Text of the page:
Three soldiers are on their way home from Iraq. They have each suffered injuries. Fred Cheaver (Robbins) is on his way home for good. He’s retired and looks forward to getting back to St. Louis and his wife and son. Colee Dunn (McAdams) is a young woman who was injured in her leg and now has a month leave. She’s planning on going to Las Vegas to return a guitar to the family of her boyfriend, who died in Iraq. T.K. Poole was injured in the groin and is also on his way to Las Vegas for a one month leave. He’s afraid that his fiancée won’t want him back because his injury appears to have left him impotent. He’s heard tell of sex experts in Vegas that might be able to “get him working again”. The three are strangers until a blackout cancels their flights once in the United States. They decide to carpool to St. Louis with Fred and get flights out of there for Vegas. During the trip they bond somewhat which turns out to be fortuitous for Fred. When he gets home he finds that things are not going to be the way he planned. His two new friends join him in extending the road trip, ultimately to Vegas. There no one finds what they expected.
If you’re looking for a film about the war, one side or another, you are most likely going to be disappointed. There is very little discussion on that front, and what is there is what you would expect from someone like Tim Robbins who wears his politics on his sleeve. Fortunately it is a limited scope and not really the point of the movie. What looks like a soldier film is really a very typical and unoriginal road trip film about bonding. They meet the typical odd characters and weird circumstances along the way. The acting and characters are charming to some degree. All three performers do a good job of bringing some chemistry to the film, but it all appears so pointless. The problem is that the film is ultimately claustrophobic, and while there’s tons of driving, it doesn’t end up going anywhere at all. In the end the characters are little changed by their experience, and we’re led to believe will go on with their lives. In the end it’s an innocent enough diversion, nothing more.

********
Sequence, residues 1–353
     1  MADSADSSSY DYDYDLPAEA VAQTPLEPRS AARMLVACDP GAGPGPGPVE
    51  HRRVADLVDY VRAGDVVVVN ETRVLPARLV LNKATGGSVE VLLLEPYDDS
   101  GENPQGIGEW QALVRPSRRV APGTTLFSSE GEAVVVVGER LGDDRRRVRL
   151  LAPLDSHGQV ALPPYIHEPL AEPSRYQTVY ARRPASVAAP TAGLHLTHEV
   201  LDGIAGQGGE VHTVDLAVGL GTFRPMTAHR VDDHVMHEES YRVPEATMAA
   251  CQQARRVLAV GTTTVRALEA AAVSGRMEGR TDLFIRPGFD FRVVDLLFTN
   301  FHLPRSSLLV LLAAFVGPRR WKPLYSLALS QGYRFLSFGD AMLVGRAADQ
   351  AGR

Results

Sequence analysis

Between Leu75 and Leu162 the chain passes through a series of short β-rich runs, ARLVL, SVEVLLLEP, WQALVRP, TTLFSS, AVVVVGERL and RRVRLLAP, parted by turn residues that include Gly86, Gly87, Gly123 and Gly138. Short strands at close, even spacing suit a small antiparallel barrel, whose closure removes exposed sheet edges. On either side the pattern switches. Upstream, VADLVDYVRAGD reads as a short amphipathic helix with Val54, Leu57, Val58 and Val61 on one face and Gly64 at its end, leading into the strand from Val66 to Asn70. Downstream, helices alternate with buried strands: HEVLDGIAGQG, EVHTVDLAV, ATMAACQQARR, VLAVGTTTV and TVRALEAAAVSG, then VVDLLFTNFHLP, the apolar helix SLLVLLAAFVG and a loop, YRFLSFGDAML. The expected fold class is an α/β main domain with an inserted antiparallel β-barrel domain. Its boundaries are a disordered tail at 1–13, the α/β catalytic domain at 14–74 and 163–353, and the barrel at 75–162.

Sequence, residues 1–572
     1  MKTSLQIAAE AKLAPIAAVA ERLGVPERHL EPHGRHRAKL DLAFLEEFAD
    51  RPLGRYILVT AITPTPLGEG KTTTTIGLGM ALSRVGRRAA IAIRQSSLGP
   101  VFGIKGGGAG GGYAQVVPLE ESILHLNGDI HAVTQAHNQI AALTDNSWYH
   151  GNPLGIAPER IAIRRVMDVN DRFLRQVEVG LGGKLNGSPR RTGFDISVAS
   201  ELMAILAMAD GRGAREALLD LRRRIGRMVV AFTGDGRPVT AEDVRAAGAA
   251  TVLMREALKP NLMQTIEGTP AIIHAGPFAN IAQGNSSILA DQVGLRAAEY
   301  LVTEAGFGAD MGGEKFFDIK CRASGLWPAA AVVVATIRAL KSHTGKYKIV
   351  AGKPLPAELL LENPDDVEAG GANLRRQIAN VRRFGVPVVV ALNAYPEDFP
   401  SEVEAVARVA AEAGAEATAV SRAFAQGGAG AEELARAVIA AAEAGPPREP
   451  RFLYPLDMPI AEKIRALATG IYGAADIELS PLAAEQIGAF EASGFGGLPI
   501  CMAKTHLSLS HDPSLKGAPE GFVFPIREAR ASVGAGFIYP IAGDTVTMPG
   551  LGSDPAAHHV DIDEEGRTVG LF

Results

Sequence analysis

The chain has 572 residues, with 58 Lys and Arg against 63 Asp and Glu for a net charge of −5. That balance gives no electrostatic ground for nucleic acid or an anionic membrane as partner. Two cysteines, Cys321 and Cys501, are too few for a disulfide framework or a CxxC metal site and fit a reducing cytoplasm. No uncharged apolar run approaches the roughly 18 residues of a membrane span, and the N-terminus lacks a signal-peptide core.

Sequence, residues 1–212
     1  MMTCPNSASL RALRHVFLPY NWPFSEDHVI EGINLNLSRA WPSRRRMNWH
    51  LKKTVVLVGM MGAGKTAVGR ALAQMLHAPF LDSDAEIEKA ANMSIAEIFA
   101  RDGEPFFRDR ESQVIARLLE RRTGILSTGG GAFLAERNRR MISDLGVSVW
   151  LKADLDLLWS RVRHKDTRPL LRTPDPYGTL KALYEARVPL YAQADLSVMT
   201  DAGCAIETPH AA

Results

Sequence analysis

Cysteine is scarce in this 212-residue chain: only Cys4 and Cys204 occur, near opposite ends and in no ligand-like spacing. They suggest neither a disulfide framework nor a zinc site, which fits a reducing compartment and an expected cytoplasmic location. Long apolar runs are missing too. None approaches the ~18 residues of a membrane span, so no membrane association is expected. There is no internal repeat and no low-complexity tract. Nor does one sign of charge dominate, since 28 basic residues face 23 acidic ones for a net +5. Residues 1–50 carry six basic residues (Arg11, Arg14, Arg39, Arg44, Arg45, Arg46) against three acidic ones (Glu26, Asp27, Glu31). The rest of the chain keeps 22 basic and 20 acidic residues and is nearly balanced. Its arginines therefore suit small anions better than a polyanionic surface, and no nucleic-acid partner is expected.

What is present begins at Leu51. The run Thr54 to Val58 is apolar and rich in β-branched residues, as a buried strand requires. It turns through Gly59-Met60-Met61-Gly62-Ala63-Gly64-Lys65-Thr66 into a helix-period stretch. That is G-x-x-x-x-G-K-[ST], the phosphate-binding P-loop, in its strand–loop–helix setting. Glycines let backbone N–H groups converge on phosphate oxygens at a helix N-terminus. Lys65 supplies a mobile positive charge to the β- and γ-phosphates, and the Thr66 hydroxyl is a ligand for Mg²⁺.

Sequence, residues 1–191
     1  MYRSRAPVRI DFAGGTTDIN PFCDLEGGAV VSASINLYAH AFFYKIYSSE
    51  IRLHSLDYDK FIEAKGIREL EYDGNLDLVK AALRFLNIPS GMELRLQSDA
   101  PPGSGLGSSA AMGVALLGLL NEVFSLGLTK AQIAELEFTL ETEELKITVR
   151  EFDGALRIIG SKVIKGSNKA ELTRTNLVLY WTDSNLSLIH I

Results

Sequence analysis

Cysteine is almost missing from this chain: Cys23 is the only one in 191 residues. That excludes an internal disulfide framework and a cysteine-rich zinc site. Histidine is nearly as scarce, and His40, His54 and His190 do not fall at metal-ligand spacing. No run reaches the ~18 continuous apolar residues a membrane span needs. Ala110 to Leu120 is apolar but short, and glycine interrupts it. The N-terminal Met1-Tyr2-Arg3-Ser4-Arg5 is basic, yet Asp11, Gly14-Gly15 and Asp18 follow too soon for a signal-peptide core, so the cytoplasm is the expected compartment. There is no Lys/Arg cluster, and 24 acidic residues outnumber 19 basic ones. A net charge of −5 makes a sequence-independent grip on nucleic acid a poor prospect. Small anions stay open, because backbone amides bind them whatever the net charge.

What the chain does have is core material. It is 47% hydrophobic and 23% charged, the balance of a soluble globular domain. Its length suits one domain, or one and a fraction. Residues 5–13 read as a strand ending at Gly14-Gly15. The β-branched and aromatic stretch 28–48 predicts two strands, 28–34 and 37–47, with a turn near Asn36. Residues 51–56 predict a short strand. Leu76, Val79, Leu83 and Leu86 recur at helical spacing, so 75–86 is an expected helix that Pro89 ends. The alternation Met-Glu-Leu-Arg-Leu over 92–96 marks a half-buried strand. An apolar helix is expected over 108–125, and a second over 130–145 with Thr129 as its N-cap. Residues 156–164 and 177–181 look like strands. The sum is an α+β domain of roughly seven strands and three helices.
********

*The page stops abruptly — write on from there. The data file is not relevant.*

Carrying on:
The Lucky Ones is presented in its original aspect ratio of 1.78:1. There are moments the film looks like someone was hoping to make things more cheerful through rather bright lighting. Most of the time there is an abundance of sunshine. Much of the trip occurs in the desert, so there is a reasonable logic to that approach. The problem is it looks like it should be a comedy, but it’s not. The cinescapes are beautiful, and the locations show up pretty well here. These well photographed locations are the best thing I can say about the film. Colors do pop once in a while. Actually it’s the drab olive and fern colors of the soldiers in uniform at the film’s conclusion that were the most impressive to me. The red van they travel in demonstrates good color reproduction, just somewhat exaggerated lighting. There was some compression artifact and grain, so black levels aren’t very good here at all.
The Dolby Digital 5.1 track is mostly average. There are a few bright spots of nice surround mixing, but this is 95% talk, so dialog is the order of the day. It’s well presented, and you’ll have no trouble catching it.
A Look Inside – The Lucky Ones: This 15 minute feature is mostly cast and crew offering up some synopsis information. They do keep telling us that this is not a war or soldier film. Someone really should have told the DVD prep crew, as that is what the box art and text want us to believe. In fact they spend most of the time telling us what the film is not. I did like the decked out shooting van with the driver in a roll cage on the roof.
There’s really nothing to dislike about the movie. The problem is that there’s not a lot to really like, either. I think indifference is the worst feeling a reviewer can have for a film. I think that a movie is better off having people like me hate it with a vengeance than just not care one way or the other once it was done. That’s the kind of movie that comes and goes, leaving barely a whisper in its wake. It was a couple hours out of my life, soon forgotten. Robbins should have gotten me ticked by ranting about conservatives more. “Maybe that would have been better.”